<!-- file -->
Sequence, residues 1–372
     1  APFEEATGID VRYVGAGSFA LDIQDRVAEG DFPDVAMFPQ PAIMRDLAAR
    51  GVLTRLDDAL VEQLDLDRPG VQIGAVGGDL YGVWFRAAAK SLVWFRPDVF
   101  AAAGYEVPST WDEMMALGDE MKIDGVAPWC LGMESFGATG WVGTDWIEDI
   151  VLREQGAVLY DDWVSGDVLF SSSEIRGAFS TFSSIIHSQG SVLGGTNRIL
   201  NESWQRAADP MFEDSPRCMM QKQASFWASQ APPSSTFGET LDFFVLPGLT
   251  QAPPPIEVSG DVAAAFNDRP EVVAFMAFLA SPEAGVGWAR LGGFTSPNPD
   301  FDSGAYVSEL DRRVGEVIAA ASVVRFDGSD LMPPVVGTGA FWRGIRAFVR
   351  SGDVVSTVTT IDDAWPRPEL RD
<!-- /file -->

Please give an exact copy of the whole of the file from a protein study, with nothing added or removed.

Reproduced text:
Sequence, residues 1–372
     1  APFEEATGID VRYVGAGSFA LDIQDRVAEG DFPDVAMFPQ PAIMRDLAAR
    51  GVLTRLDDAL VEQLDLDRPG VQIGAVGGDL YGVWFRAAAK SLVWFRPDVF
   101  AAAGYEVPST WDEMMALGDE MKIDGVAPWC LGMESFGATG WVGTDWIEDI
   151  VLREQGAVLY DDWVSGDVLF SSSEIRGAFS TFSSIIHSQG SVLGGTNRIL
   201  NESWQRAADP MFEDSPRCMM QKQASFWASQ APPSSTFGET LDFFVLPGLT
   251  QAPPPIEVSG DVAAAFNDRP EVVAFMAFLA SPEAGVGWAR LGGFTSPNPD
   301  FDSGAYVSEL DRRVGEVIAA ASVVRFDGSD LMPPVVGTGA FWRGIRAFVR
   351  SGDVVSTVTT IDDAWPRPEL RD